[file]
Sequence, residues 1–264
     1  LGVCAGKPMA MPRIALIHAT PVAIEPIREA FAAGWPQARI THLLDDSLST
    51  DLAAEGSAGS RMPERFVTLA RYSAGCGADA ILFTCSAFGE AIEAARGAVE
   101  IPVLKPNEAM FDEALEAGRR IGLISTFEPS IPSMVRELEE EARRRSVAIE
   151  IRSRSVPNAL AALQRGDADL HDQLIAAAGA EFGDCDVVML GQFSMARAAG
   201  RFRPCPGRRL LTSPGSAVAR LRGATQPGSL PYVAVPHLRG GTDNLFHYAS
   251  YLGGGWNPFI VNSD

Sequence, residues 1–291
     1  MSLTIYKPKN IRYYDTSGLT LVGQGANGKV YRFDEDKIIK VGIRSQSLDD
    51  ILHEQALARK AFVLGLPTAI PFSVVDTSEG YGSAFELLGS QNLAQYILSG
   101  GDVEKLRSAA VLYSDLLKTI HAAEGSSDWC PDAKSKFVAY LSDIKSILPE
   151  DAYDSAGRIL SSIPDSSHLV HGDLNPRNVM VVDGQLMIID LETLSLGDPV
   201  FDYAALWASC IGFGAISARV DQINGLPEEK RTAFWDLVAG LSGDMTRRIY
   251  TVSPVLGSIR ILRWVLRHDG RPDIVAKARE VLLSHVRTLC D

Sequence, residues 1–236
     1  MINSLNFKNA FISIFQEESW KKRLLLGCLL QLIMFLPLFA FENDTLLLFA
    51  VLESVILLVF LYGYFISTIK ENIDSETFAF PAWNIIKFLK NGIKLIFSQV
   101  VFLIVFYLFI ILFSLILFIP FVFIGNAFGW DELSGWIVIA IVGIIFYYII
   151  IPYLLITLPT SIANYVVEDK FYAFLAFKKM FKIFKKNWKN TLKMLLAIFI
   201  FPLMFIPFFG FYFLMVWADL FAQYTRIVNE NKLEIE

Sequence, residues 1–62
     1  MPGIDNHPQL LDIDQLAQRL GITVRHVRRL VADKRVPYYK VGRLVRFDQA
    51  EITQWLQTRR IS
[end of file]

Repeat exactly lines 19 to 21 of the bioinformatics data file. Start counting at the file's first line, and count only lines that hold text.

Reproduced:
   151  IPYLLITLPT SIANYVVEDK FYAFLAFKKM FKIFKKNWKN TLKMLLAIFI
   201  FPLMFIPFFG FYFLMVWADL FAQYTRIVNE NKLEIE

Sequence, residues 1–62